Medical Thrillers Like Coma
Thrillers have always been a firm favorite of the literary world and often it is the medical niche of the genre that grabs the most attention. Sometimes it is the fact that the stories are so grounded in reality that makes them so thrilling. On the other hand, some readers prefer medical thrillers because unlike reality there is always a satisfying resolution at the end. One of the most well-known authors to combine the thriller genre with medical writing was Robin Cook. His novel Coma was first published in 1977 and is often credited with kickstarting the medical thriller genre. For more thrillers featuring murder, mystery, and medicine, check out the following books like Coma.
by Michael Palmer
Michael Palmer is another well-known name in the medical thriller field as he drew upon his knowledge as a physician while writing. He also had an interesting connection to Coma by Robin Cook. Palmer graduated from the same university as Cook and decided after reading Coma that if Cook could write a novel, then so could he. All of his medical thrillers are worth reading, but Extreme Measures is one of his most famous and was turned into a film starring Hugh Grant, Gene Hackman, and Sarah Jessica Parker. The novel was published in 1991 and tells the story of a young doctor named Eric Najarian joining the White Memorial Hospital. An elite clique of medical professionals at the hospital has their eyes on Eric as they think he has what it takes to join their secret club. However, Eric has already seen too much and if he refuses to join in he will become the next victim of their sinister practices.
by Kelly Parsons
Doing Harm by Kelly Parsons is a medical thriller that has earned praise from Stephen King, Ridley Pearson, Steve Berry, and other authors. It is the first novel by Parsons who is a board-certified urologist and the protagonist is a surgeon named Steve Mitchell. The future is bright for Steve who is not just molding a group of medical trainees into doctors, but he is also in line for a coveted job. All of this changes when a patient dies under mysterious circumstances and it becomes clear that a killer is stalking the hospital. However, this killer holds information that could ruin Steve's career and marriage, forcing him into a deadly game. With nobody else to turn to Steve has to work alone in an effort to outwit his opponent and find a way to save the killer's next victim.
by Michael Crichton
Michael Crichton was known for his science fiction and techno-thriller novels, but he was no stranger to the medical thriller genre either. One of them is A Case of Need, which was published in 1968 under the pen name of Jeffrey Hudson while Crichton was busy with his third year of medical school. The protagonist is a Boston pathologist named John Berry who has to prove the innocence of his friend, a brilliant surgeon named Arthur Lee. Arthur stands accused of murdering the teenage daughter of a famous heart surgeon while performing a botched abortion on her. Lee is known for carrying out illegal abortions, so it is up to Berry to uncover the secret behind the gruesome death his friend is accused of.
by Victor Methos
Fans of both the legal and medical thriller genres will enjoy An Invisible Client by Victor Methos. The protagonist is Noah Byron, a high-powered personal injury attorney. Noah only represents cases where he knows he will cut a big payout, but decides to meet with the mother of a twelve-year-old boy named Joel as a favor to his ex-wife. Joel was poisoned by tainted children's medicine after a psycho tampered with bottles. At least that's the official story, which Joel's mother is not so quick to believe. Instead, she thinks that something more sinister is at work and that a pharmaceutical company might behind it. This prompts Noah to dig deeper into the case while also, against his better judgment, striking up a friendship with young Joel. Noah quickly finds himself in between the most menacing of opponents and the most vulnerable of clients.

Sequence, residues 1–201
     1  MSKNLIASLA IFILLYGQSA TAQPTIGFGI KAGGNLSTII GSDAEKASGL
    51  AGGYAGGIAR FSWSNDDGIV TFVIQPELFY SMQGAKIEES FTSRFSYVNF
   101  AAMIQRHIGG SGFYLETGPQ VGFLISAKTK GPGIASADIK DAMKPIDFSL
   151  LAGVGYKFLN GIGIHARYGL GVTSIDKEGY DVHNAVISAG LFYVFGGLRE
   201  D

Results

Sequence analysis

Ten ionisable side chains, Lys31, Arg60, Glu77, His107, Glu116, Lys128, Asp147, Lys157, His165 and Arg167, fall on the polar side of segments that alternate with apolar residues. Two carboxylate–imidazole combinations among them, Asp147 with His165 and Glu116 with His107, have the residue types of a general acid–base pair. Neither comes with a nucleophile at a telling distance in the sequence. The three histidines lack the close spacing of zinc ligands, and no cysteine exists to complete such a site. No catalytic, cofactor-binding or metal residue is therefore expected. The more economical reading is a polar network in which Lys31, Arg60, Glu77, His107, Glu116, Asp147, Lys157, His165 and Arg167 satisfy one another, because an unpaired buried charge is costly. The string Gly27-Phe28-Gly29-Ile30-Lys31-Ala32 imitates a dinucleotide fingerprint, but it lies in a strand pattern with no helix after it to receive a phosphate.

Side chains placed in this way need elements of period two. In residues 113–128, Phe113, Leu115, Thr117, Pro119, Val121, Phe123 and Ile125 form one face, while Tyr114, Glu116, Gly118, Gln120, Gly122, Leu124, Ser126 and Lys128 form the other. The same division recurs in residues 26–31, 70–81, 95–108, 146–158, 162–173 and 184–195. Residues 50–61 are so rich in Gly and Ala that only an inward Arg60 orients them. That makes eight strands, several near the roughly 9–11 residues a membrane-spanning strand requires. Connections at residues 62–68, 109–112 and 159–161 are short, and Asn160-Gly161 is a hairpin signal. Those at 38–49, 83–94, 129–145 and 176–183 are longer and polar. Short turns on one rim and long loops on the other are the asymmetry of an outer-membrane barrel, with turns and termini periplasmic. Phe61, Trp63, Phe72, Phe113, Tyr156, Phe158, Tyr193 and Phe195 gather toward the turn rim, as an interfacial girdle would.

by F. Paul Wilson
In The Select by F. Paul Wilson, a young woman named Quinn Cleary manages to gain acceptance to the Ingraham College of Medicine. Normally this medical school is extremely selective about who they let in, but Quinn managed to manipulate her way towards acceptance. Since the school is completely subsidized by the Kleederman Foundation Quinn looks forward to a four-year full-ride scholarship with room and board included. Unfortunately, after gaining entrance to this seeming dream school, Quinn and her new friend, Tim Brown, discovers that the place hides a darker secret. F. Paul Wilson is a part-time family physician, so he knows how to keep the medical aspects of the novel thrilling.
by Geoffrey M. Cooper
Geoffrey M. Cooper explores the human side of science and drug discovery in his novel The Prize. The protagonist, Pam Weller, is certain that she has made the discovery of a lifetime with a drug that has the potential to treat Alzheimer's disease. However, not everyone is eager to see her succeed, especially no tone of the leading figures in Alzheimer's research, Eric Prescott. The only thing Eric cares about is winning a Nobel Prize and the accolades that come with it, which causes him to see Pam as a threat. This results in him coming up with a plot that not only threatens Pam's career and freedom but even her life.